Cannabis in Congress: Why Federally Legal Weed Could Soon Be a Reality
Pro-marijuana bills introduced to congress used to be largely symbolic — now they have a chance to actually reach the floor of the House and come to a vote
Even with the government shutdown that’s been ominously hovering over Washington these past three weeks, there’s still a fresh Congress in town. That means the nation’s 535 lawmakers are in the first stages of trying to get their favored pet issues on the radar of party leaders. That focused energy and flowery optimism that marks the start of any new Congress is different this year for marijuana proponents, because this time around they believe they can actually pass some sweeping cannabis reforms.
At this time two years ago, while then-Speaker Paul Ryan was adamantly keeping any marijuana amendment from ever getting to the House floor, the rollout of most any marijuana bill was basically all symbolism.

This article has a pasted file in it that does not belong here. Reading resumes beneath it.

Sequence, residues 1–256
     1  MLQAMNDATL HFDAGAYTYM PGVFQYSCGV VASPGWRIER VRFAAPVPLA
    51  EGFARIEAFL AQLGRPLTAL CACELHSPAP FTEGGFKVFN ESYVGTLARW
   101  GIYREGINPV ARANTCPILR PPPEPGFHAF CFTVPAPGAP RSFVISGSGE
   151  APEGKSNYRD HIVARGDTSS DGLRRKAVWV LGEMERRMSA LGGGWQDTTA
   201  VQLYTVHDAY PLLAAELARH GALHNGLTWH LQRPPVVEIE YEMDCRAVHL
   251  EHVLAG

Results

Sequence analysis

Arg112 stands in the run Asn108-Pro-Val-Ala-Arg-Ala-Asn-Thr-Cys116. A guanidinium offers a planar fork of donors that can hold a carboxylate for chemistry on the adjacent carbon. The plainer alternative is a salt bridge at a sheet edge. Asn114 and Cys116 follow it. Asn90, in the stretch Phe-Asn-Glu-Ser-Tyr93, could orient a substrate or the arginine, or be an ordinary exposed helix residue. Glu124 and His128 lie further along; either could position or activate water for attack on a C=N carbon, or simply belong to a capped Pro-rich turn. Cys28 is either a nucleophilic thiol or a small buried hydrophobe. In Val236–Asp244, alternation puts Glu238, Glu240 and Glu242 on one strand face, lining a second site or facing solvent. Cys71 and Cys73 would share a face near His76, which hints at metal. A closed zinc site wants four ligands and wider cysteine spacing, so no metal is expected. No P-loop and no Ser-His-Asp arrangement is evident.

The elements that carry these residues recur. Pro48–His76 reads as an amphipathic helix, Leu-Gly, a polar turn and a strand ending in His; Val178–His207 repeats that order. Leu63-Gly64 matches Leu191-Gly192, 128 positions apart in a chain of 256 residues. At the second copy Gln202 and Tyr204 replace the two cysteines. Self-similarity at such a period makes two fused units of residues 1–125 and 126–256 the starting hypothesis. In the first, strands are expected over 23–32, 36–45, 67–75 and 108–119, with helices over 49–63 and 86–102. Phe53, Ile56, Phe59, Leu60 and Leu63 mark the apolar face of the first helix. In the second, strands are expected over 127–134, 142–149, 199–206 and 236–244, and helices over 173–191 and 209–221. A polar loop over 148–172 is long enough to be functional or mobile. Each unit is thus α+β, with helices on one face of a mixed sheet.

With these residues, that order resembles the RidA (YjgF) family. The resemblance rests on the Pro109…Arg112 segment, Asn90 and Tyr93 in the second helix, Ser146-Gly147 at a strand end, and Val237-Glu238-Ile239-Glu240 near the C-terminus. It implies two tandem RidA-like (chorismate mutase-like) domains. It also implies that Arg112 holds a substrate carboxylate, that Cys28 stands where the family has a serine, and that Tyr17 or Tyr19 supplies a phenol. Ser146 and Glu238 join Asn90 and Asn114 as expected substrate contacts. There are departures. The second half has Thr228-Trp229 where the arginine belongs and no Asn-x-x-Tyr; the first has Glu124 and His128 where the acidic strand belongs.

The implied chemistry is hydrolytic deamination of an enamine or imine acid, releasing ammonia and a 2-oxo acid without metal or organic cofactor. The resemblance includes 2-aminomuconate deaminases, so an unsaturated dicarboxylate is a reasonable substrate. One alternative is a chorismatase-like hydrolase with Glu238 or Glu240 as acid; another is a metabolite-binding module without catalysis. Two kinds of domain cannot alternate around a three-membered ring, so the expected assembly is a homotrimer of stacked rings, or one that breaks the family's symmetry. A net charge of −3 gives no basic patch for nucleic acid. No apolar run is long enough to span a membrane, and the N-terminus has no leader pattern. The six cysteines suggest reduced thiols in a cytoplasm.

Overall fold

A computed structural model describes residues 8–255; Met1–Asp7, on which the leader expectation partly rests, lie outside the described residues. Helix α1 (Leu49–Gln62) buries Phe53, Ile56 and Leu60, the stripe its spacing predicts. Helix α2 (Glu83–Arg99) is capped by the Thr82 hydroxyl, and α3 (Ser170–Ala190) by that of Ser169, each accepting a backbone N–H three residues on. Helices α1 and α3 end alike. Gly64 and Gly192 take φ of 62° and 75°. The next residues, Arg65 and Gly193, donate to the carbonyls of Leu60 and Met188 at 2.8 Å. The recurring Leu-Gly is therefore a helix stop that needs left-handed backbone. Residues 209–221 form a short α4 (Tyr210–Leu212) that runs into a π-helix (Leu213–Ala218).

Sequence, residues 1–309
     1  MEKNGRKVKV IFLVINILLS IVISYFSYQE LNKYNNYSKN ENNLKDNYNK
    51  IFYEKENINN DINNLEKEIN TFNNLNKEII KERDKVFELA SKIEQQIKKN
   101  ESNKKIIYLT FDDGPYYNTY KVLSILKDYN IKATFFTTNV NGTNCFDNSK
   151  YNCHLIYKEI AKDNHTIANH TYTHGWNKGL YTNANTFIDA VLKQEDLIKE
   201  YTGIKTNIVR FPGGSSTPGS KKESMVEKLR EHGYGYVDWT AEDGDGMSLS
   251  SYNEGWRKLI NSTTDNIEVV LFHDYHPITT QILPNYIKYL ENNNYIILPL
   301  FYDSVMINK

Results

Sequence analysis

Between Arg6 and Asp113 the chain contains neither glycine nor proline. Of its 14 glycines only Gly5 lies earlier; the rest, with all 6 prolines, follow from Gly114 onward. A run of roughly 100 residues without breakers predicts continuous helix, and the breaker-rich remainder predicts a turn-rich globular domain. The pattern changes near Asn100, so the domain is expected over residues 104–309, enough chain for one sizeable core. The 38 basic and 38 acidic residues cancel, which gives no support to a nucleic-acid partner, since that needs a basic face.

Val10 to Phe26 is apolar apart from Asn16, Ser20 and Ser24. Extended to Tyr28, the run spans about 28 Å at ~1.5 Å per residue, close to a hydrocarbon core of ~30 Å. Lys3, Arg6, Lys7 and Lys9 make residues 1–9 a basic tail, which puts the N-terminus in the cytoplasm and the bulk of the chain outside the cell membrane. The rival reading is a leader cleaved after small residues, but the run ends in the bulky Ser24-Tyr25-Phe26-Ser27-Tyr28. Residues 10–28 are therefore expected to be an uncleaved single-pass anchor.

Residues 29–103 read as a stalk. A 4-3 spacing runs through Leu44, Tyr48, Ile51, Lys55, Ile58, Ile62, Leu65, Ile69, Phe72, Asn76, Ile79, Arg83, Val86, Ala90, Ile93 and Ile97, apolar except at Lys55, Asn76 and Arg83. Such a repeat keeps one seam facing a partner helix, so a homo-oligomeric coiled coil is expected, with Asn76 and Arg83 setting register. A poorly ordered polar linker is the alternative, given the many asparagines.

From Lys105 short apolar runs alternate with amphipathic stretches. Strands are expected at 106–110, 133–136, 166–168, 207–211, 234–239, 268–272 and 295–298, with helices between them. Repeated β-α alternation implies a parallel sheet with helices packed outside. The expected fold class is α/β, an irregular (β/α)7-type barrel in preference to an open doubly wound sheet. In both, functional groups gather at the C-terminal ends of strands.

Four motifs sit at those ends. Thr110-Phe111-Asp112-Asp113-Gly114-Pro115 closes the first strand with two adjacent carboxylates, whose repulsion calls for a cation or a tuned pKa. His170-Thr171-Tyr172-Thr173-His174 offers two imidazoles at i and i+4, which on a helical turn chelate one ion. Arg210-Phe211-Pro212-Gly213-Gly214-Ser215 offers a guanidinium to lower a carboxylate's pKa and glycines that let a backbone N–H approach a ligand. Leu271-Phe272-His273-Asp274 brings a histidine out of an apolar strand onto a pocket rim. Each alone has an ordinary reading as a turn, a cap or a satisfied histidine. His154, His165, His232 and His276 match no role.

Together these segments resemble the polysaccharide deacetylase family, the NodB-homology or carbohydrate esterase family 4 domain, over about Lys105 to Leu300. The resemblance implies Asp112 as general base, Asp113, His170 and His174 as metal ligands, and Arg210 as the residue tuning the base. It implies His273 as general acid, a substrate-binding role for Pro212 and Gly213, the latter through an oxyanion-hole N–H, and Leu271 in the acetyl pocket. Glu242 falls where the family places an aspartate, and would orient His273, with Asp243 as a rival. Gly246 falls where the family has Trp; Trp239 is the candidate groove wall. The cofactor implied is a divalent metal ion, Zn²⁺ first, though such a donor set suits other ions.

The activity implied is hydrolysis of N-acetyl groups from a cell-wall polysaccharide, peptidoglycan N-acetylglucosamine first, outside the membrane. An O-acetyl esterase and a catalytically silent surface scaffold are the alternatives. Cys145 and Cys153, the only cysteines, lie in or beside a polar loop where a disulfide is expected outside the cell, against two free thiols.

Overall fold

Today’s a new day in the swamp, and supportive lawmakers are coming out of the gates swinging, signaling to marijuana supporters across the nation that this time around what was formerly just viewed as rhetoric now has a strong chance of becoming reality.
That’s why the founder of the Congressional Cannabis Caucus, Rep. Earl Blumenauer (D-OR), is excited — giddy, even — in this new year. He dropped the third purely marijuana-focused bill in the 116th Congress. Named the Regulate Marijuana Like Alcohol Act, it would explicitly do what its title states.